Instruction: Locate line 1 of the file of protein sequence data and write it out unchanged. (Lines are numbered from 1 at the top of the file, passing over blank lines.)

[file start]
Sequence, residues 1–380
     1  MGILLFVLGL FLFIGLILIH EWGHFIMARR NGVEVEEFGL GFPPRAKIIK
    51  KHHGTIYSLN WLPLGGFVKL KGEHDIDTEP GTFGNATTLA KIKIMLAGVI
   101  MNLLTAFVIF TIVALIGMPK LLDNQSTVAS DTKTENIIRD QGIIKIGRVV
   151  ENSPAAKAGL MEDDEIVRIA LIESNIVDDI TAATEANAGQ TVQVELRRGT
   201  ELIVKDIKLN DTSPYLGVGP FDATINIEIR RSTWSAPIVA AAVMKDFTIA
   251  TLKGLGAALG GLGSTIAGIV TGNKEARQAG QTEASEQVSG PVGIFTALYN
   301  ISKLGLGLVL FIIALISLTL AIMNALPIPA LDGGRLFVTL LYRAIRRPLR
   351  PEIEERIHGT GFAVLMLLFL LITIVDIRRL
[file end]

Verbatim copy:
Sequence, residues 1–380